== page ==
I’m slightly surprised that I haven’t written a post dedicated to my mother’s maternal grandparents here yet. Why am I surprised? Partly because my great-grandmother, Edith, was the oldest person I ever knew as a child. Or at least that I remember knowing.
She also had the most amazing puff of white hair that I’d ever seen.
But who was she, and what about her husband, Joe, who died two years before I was born?
When you’re researching Australian family, there’s always the spectre of transportation, much like Massachusetts in the late 17th century. Back in 2007 it was reported that up to 22% of living Australians were descended from convicts (over 4 million people). There is also a one in 30 chance for us Brits.
I remember studying the topic of transportation when I was at primary school (er, about 30 years ago), but I thought that I could do with a bit of a refresher course – and its amazing to find what records are out there for individuals, alongside the social and political history that goes along with it.
And spoiler alert: I feel some degree of sympathy for our William …
One of my long-standing genealogical projects is to create a one-name study of the surname Holborow (variously Holbrow, Holborrow, Holb(o)rough and many transcription errors such as Holbron …). My first step in this has been to document every Holborow event documented in Australia. Why Australia? I couldn’t tell you. Because it’s less than the UK and more than the US? Possibly.
I soon found, thanks to Ancestry and the various state archives (special shout out to Libraries Tasmania, but we’ll get there), National Archives of Australia and the brilliant Trove website with its digitisation of newspapers, that there were only a handful of primary progenitors of historic Holborows in Australia. There are a few outliers, a few arrivals who didn’t leave much of a trace, but plenty of stories to tell: we’ve got mayors, we’ve got murder, we’ve got mystery (and, yes, we’ve got a convict…).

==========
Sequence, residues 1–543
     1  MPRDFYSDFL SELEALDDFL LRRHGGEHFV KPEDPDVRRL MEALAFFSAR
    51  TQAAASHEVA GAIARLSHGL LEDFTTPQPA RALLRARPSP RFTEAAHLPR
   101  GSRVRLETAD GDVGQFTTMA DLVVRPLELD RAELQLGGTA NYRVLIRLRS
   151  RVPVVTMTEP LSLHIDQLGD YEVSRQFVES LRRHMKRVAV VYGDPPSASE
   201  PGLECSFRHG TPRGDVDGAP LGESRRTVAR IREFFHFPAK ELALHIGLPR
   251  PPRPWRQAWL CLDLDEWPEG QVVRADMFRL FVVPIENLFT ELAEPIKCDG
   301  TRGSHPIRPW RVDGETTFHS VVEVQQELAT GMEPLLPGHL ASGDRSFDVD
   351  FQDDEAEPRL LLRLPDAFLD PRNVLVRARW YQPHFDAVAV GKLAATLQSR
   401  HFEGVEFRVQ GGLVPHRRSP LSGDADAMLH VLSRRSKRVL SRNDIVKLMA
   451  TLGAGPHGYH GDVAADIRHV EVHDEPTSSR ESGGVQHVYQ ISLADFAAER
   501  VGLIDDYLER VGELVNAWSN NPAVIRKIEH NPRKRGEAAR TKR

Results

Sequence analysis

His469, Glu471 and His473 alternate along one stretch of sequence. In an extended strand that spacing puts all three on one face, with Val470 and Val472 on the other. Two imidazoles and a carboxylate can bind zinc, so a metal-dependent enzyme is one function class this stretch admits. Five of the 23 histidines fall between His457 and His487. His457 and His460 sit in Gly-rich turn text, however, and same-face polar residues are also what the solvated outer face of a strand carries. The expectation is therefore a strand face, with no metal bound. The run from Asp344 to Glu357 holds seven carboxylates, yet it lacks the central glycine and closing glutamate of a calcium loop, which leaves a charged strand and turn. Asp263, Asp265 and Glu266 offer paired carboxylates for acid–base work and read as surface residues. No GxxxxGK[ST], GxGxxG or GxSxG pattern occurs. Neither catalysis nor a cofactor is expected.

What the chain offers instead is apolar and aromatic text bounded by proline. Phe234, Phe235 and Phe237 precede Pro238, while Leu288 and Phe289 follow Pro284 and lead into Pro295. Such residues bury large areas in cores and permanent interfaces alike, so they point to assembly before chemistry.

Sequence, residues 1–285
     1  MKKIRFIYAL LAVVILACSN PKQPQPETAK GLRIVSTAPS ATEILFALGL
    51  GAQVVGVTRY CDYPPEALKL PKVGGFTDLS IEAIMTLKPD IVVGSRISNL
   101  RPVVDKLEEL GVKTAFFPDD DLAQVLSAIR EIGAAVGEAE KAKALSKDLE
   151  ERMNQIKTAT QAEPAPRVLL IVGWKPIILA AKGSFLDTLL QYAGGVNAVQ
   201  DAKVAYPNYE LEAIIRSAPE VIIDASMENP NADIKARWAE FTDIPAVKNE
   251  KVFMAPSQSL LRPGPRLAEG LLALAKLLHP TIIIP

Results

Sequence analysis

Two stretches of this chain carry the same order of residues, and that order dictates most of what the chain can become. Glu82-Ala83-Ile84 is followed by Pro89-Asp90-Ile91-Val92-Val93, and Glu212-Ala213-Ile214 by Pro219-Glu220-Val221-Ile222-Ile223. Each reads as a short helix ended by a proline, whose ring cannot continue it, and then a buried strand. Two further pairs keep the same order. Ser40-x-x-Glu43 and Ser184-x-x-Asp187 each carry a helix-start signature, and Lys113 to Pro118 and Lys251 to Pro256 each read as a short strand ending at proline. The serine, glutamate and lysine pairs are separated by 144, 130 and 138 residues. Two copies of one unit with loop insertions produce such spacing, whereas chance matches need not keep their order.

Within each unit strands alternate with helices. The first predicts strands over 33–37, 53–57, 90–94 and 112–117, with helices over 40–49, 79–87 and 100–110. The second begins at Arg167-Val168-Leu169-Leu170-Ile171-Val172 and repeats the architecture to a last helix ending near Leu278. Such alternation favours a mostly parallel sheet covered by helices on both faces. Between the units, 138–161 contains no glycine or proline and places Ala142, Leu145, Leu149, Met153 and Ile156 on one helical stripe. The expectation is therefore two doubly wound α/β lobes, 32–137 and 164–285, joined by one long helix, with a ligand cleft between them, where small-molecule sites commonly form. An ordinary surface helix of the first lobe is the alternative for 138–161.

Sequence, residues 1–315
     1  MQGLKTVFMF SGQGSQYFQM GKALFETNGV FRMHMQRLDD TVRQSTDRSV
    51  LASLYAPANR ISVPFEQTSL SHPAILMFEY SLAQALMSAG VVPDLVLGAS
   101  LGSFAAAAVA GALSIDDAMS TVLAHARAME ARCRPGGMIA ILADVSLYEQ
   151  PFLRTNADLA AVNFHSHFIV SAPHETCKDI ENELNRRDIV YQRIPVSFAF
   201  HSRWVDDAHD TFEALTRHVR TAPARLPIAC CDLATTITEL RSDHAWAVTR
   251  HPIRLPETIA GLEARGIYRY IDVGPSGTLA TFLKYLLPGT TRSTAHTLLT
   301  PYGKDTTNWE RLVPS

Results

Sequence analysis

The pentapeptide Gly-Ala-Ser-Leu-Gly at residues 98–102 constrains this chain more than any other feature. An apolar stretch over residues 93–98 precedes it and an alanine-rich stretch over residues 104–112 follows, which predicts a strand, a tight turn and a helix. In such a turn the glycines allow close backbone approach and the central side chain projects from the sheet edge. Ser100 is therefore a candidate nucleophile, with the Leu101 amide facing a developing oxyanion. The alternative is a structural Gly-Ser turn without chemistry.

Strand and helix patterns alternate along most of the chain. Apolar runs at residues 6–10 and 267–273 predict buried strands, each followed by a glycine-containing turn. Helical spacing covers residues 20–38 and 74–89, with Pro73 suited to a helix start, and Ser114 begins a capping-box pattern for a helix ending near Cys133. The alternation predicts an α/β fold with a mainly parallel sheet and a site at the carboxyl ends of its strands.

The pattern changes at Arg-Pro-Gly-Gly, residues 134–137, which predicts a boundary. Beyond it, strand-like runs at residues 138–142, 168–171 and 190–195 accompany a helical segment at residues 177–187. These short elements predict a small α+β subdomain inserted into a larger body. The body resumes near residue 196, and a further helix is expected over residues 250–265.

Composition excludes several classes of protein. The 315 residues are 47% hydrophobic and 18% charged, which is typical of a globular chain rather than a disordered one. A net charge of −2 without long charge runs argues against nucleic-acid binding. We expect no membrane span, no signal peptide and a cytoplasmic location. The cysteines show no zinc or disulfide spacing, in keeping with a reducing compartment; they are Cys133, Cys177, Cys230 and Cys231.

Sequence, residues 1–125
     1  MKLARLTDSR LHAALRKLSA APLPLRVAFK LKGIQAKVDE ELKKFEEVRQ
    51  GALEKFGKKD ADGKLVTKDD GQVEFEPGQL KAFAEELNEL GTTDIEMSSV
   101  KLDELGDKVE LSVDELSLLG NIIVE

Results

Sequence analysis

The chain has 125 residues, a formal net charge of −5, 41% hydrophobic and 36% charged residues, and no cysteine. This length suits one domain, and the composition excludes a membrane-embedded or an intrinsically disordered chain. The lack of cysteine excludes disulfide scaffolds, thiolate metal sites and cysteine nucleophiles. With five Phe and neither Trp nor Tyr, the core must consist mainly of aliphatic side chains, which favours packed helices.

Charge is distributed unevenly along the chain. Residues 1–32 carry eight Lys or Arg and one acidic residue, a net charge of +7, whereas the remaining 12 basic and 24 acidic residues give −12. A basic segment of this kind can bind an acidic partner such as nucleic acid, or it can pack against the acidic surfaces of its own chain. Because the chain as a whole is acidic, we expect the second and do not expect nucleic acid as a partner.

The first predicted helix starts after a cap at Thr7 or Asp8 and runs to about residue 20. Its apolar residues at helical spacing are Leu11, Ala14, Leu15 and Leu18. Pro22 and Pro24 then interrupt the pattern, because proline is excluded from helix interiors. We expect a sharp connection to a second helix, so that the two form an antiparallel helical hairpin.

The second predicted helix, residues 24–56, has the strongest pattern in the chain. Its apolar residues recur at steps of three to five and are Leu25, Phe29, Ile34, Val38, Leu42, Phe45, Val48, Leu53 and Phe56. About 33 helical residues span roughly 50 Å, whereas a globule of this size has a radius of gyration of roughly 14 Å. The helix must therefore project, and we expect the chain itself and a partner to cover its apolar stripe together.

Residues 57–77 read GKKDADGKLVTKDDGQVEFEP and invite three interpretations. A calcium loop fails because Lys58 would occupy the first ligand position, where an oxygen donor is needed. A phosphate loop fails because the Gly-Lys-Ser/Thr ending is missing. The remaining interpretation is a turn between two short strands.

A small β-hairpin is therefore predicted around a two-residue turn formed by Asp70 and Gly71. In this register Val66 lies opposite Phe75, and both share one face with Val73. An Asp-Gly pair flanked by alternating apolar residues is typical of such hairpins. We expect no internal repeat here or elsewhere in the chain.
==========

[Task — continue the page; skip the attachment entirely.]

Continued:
Taking a look back at my recent posts, you’d be forgiven for thinking that I have a sudden yen for two-part posts. This isn’t entirely the truth, but as I’ve made corrections to my family tree, I’ve discovered other family that warrant a call out. Hence I am back again with more information on the new, extended Hicks family thanks to Charlotte Hicks.
Its longer coming than I originally hoped for – I’ve been busy working on (read: avoiding completely) the first year of my Masters in Creative Writing – but I thought that I should close off the Hicks family for now …
Lately I’ve been going over my old research and either adding to it, solving the odd mystery or just plain correcting mistakes. Some of those mistakes were mine to make, but some were inherited – although the onus is still on me (and all of us) to check the veracity of this borrowed information. One such mistake has been my focus this week, up in the Wiltshire / Gloucestershire borders.